Delighted by Turkey

(Turkey – 12 March 2014) We loved Turkey! As a travel destination, Turkey definitely has something for everyone- rich history, beautiful art, delicious food, eye-popping scenery, and cats. Yes, cats- the whole country is over-run with good-looking and (generally) friendly “house” cats. If all that was not enough to sell you on Turkey, here’s one more, Turkey is totally easy on the wallet.

It’s tempting to say, I’m surprised more people don’t go to Turkey. But the truth is that tons of people are going. Perhaps the number of tourists from the US is not high, but I can assure you that everyone else in the world is going. Hear me now and believe me later, book a trip to Turkey as soon as you can swing it. If Turkey joins the European Union, it could get a lot more expensive. Go NOW!

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We had 18 days set aside for Turkey and few ideas about where to spend them. In the end, here is how it broke down: Eight days in Istanbul were followed by another five along the country’s southern coast at a beach town called Olüdeniz. Three more were spent in the interior town of Pamukkale, and another three in Kusadasi on the western coast. Our last night in Turkey was back down to the south in another coastal town called Marmaris.

Istanbul (Not Constantinople)

Our introduction to Turkey started in the largest city in all of Europe – Istanbul -so expansive that it straddles the Bosporus Strait and occupies portions of both Europe and Asia simultaneously. Conveying to you the true appeal of Istanbul will be a challenge. There are many interesting and impressive historical sites to visit while in Istanbul, but that’s only a small part of the attraction. It’s the vibe, man. There is an energy and excitement to Istanbul. Perhaps the large quantity of vacationing tourists everywhere brings up the happiness level, but I also got a sense that the residents of Istanbul know they live in a special time and place. Americans typically grow up believing that the US is at the center of the World. After spending just a little time in Istanbul, Turkey, I’m feeling grossly mislead.

Istanbul is not always an attractive city- pollution is a problem and many of the buildings look old and rundown. Yet, in some strange way, pollution in the air becomes the expected exhalation of a thriving, life-filled city, and old and rundown turns into quaint and charming.

So big and varied is Istanbul that we did not limit ourselves to staying put in just one location. Instead, we moved three times and therefore experienced three distinct areas of the city. Our first three days were spent in Old Town. Our hotel was tucked literally in the shadow of the great Blue Mosque, a stunningly beautiful structure that probably draws more artists and photographers to it than worshippers. A mesmerizing sight, especially at night.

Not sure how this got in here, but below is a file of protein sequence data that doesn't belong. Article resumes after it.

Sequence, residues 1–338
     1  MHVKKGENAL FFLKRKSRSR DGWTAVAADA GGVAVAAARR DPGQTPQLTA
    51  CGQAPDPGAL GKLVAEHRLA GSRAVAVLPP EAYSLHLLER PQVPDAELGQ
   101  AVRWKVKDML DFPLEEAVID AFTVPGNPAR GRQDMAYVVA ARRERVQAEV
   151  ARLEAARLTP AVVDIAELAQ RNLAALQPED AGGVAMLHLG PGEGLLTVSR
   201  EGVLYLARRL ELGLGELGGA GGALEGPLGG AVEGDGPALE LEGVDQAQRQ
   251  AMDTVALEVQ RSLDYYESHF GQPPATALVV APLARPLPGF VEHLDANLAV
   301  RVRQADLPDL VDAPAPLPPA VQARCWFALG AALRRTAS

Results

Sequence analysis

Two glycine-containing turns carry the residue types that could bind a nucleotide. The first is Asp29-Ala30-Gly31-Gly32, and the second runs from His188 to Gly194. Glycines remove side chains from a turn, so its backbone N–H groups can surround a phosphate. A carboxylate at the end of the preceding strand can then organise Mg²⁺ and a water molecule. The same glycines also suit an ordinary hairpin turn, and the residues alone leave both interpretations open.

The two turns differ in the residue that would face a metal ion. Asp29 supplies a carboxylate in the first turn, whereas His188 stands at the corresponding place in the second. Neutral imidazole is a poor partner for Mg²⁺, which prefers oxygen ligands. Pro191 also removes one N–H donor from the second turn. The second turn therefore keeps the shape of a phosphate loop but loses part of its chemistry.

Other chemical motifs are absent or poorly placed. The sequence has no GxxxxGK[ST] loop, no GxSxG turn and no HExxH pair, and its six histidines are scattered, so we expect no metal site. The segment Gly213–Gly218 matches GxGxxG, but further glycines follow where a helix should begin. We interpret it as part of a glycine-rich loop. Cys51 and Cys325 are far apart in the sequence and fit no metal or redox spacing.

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Impressive by day, too.
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Next to the Blue Mosque is the historically rich Hagia Sophia. 20140409-151754.jpg
Now a museum, the Hagia Sophia is about 15 centuries old and thus has many interesting stories to tell. The immense building began its life as the largest Christian Church/Cathedral in the world, back when Istanbul was called Constantinople. (You know the song, right?) In later centuries the Ottomans took over and the building was converted into a mosque (after a little creative remodeling). In yet another era, it functioned as a Sultan’s palace.
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Christian mosaics, once plastered over, are revealed again.
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Speaking of mosques, Istanbul has no shortage of them. From any angle, the city’s skyline is punctuated with the distinctive dome roofs common to mosques, and always they are surrounded by those missile-shaped minarets. Prior to the advent of the loudspeaker, minarets served as the calling platform when it was time for prayer. Today, the minarets only practical function is to be massive support posts for blaring gray loudspeakers. Imans sing their call to prayer 5 times daily for all to hear.
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In the video below, I look terrible munching on a cob of corn, but the reason I took the video was purely for the sound. I was sitting on a park bench in between two different mosques, each doing their own call to prayer. The result is plain crazy.

Yes, we went to the famous Grand Bazaar and the spice market.
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Food in Turkey was exciting and always seasoned with goodness. With every meal in Old Town we were served a big bread puff.